Judgment enforcement against personal property often is difficult. Enforcement against real property has certain advantages, including that it cannot be moved or hidden, ownership records are public, and it can be quite valuable. Further, enforcement against real property can be simple. The judgment creditor’s lawyer signs and delivers a document called an execution to the sheriff, which begins a streamlined process for placing the real property up for sale at a public auction, which can happen in a few months. A court order is not required to sell real property by execution, except if it is the judgment debtor’s homestead. See CPLR 5206(e).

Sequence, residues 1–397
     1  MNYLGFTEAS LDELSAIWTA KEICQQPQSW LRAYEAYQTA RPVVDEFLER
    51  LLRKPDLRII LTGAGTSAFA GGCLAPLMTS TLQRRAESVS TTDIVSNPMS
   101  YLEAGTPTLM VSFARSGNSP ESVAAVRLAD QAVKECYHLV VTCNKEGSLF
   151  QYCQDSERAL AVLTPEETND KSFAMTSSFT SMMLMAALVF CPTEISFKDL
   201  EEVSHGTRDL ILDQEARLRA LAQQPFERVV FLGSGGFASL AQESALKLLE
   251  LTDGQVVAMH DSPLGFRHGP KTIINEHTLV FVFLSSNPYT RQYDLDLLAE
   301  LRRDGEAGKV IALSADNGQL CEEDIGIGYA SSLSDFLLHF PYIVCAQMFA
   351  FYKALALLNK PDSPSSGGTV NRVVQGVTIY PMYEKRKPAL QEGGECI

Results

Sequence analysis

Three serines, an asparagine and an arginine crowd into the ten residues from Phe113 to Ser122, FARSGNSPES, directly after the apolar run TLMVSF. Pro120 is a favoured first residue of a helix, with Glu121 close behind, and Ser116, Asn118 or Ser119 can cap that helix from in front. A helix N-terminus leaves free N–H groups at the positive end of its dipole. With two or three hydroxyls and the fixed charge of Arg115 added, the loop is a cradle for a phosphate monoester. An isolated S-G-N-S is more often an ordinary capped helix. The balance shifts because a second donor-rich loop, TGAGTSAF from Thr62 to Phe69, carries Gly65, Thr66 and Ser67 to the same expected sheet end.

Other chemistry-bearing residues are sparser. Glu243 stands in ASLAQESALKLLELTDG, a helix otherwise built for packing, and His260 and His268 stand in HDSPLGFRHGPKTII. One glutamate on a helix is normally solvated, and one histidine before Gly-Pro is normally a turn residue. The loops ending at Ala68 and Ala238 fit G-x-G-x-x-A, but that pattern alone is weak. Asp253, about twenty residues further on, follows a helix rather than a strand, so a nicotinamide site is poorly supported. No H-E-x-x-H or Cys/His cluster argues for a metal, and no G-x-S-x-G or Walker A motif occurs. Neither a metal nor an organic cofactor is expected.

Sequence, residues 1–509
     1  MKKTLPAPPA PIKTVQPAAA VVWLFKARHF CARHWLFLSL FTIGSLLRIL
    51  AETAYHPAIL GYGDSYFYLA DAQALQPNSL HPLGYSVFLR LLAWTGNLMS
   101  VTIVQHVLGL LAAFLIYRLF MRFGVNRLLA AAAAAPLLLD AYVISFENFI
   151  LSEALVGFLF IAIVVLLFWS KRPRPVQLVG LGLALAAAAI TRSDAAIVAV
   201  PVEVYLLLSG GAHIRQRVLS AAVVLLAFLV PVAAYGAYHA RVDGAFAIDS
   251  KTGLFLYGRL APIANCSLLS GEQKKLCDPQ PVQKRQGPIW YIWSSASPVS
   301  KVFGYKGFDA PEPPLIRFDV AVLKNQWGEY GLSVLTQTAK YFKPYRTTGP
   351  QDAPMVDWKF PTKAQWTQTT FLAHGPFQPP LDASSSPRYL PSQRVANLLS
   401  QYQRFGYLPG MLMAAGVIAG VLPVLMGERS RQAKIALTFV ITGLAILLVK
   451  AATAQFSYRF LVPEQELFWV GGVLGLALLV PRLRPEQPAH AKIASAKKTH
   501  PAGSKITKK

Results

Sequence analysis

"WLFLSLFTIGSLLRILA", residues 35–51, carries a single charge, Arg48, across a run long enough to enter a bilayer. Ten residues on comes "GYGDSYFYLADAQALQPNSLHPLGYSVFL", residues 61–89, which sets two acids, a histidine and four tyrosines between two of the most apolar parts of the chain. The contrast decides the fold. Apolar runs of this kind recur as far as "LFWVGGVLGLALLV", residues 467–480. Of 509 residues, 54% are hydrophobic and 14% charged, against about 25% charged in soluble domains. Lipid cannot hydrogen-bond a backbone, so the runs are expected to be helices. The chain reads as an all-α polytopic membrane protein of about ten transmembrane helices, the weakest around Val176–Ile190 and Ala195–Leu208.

The relative ease of beginning a real property execution does not mean this step should be taken in all cases. There are significant issues to be considered, including the expense of advertising the notice of sale four times, CPLR 5236(c), and the potential liability of the judgment creditor and his counsel for the sheriff’s poundage on a settlement, which is up to 5%. See CPLR 8012(b)(1)-(2); McCloskey v. Brill, 286 A.D. 143 (1st Dept.) (“It has long been the law of this state that an attorney is liable in a plenary action to the sheriff for fees incident to the execution of a process delivered by the attorney to the sheriff”), affirmed 1 N.Y.2d 755 (1955).
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